3 stars I really did not know anything about this single released by EDDIE JOBSON as soloist in 1976 until it was included recently in the Prog Archives`s discography database .It was recorded and released after ROXY MUSIC`s split in 1976 and before he joined FRANK ZAPPA`s band in the same year. Maybe this solo single by Jobson is very hard to find now. Anyway, I could listen several times to both sides of this single in the web, so now I can write a review about it.

Both sides of this single are instrumental musical pieces.

"Yesterday Boulevard" : it has keyboards (mainly a clavinet a a few synthesisers) and electric violins playing a repetitive riff. This musical piece has a more or less fast beat, and it sounds to me like Jobson was trying to have an almost commercial musical piece for this single. The main musical style of this musical piece is Jazz-Rock with some Funky music influences, very related to some of the music which was played in the mid seventies in the radio. I also could find some inevitable similarities and /or influences from some of the music from JEAN-LUC PONTY , maybe more due to the use of the electric violins. Simon Phillips does a good job playing the drums. It is a good musical piece, a bit commercial in sound, but good anyway.

"On a Still Night": the main instrument in this musical piece is an electric piano. It is a slow musical piece on which Jobson also played electric violin. Phillips also played drums. Again, this musical piece sounds very mid seventies in musical style, very Jazz-Rock influenced, with also some musical influences from JEAN-LUC PONTY .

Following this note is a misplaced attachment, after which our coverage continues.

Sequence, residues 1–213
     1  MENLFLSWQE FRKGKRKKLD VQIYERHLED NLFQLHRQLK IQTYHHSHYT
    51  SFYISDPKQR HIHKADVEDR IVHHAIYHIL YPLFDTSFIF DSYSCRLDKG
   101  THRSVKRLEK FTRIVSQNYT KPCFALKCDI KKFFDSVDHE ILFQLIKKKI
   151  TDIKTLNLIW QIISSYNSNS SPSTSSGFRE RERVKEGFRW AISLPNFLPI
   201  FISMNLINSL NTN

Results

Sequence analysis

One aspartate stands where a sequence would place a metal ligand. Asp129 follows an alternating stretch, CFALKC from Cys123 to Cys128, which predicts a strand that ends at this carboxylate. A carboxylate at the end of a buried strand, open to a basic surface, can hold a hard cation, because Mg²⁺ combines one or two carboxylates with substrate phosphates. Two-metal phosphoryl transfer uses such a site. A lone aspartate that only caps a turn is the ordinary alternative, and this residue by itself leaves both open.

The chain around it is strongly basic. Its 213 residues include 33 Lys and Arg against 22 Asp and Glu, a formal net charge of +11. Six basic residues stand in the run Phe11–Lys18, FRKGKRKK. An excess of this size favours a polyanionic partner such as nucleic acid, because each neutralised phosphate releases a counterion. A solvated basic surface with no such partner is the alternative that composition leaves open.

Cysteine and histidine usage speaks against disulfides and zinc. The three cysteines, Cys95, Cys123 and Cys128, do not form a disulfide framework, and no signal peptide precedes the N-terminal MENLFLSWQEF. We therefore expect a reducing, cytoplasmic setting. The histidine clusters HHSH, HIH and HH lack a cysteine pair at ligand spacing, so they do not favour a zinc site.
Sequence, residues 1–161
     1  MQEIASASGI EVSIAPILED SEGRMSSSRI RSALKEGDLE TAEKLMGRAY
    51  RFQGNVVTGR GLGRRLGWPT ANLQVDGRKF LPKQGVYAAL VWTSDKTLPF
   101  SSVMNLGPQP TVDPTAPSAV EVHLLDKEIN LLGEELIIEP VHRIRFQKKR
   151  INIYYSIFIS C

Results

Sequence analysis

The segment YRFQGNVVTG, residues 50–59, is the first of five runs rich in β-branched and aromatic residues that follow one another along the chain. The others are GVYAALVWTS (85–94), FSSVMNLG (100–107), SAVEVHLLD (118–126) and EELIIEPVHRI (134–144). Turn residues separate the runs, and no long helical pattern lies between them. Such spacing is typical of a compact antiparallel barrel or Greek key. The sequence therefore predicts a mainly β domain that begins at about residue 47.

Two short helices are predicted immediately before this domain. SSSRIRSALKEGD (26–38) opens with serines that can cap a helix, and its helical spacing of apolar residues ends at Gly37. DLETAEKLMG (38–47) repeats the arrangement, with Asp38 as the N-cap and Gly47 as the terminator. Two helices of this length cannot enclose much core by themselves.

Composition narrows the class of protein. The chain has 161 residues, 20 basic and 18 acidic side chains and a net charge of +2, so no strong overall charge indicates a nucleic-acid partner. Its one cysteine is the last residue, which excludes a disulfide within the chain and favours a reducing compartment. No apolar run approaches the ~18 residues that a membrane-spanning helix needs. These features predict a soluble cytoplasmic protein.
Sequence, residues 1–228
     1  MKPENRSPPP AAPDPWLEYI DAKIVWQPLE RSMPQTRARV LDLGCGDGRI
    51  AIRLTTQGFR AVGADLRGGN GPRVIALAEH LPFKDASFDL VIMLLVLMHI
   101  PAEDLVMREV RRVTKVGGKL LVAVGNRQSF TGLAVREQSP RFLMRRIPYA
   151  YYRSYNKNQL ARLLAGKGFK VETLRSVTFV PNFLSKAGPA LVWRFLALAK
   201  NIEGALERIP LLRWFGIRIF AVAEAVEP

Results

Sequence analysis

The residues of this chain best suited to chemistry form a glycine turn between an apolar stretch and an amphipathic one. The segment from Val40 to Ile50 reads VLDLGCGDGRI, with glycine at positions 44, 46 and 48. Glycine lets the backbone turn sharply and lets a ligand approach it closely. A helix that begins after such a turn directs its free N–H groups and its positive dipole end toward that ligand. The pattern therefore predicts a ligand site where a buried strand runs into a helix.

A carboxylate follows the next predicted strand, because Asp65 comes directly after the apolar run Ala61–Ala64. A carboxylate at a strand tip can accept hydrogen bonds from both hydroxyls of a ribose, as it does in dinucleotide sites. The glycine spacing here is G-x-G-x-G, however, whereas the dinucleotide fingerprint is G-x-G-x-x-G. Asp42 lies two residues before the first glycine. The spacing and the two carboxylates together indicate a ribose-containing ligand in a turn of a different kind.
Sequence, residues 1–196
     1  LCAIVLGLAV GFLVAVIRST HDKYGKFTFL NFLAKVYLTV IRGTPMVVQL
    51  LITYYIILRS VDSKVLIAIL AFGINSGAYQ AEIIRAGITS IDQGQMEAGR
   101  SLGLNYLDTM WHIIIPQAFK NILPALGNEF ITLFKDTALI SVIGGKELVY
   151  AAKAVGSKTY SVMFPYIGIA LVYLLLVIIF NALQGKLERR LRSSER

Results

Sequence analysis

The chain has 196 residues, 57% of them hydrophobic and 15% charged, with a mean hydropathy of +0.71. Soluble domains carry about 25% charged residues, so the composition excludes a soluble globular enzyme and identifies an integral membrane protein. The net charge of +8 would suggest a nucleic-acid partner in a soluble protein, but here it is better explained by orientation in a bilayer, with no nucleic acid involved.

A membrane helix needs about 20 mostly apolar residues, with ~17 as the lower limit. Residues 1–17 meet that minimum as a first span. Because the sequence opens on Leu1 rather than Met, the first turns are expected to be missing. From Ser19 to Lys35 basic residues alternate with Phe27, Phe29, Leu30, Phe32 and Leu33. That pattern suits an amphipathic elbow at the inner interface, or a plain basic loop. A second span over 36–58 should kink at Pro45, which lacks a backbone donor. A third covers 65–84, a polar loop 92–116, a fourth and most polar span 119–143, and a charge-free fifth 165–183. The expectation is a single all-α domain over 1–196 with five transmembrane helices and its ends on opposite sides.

A good single. Maybe a bit outdated.

 Theme of Secrets by JOBSON, EDDIE album cover Studio Album, 1985
3.27 | 53 ratings

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Theme of Secrets
Eddie Jobson Progressive Electronic

Review by Warthur
Prog Reviewer

2 stars Frank Zappa wasn't the only progressive musician who produced synclavier-based albums in the 1980s - Eddie Jobson also turned his hand to it on this solo album, which sounds less what you might expect a Jobson solo album to sound based on his classic 1970s violin playing and more like a rejected Tangerine Dream soundtrack, which might explain why Peter Baumann contributes liner notes. To be honest, the album offers nothing that any of the many similarly uptempo New Agey electronic albums from the era don't also offer, and has little to nothing in the way of individual personality, so I genuinely struggle to see what Eddie was attempting to accomplish here. One for uncritical fans only.
 Ultimate Zero Tour - Live by JOBSON, EDDIE album cover Live, 2010
3.89 | 9 ratings

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Ultimate Zero Tour - Live
Eddie Jobson Progressive Electronic

Review by lor68
Prog Reviewer